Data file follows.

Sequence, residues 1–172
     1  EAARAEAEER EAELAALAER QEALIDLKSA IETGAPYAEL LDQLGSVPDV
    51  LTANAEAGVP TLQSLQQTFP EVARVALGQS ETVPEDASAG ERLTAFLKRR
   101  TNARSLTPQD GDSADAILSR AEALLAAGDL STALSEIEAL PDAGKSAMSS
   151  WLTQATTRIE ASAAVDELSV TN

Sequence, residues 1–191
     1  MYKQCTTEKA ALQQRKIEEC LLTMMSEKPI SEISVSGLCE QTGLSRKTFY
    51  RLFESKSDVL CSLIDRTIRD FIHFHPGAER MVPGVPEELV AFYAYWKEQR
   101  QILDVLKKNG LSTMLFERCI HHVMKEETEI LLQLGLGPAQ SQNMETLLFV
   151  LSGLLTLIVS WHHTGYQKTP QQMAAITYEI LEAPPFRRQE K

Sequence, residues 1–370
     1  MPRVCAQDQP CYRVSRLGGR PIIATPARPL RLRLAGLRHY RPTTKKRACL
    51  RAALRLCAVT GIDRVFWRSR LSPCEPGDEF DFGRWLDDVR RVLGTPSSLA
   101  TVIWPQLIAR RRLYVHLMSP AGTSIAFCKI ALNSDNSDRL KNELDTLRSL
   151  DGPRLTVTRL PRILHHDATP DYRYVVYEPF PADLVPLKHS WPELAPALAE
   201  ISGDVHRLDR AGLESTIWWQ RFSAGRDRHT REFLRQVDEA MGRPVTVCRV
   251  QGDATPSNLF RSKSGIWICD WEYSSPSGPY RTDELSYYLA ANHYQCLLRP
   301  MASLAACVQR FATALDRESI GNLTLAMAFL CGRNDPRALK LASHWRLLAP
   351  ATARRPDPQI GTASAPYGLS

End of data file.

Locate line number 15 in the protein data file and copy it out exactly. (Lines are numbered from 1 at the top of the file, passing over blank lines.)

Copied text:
   151  DGPRLTVTRL PRILHHDATP DYRYVVYEPF PADLVPLKHS WPELAPALAE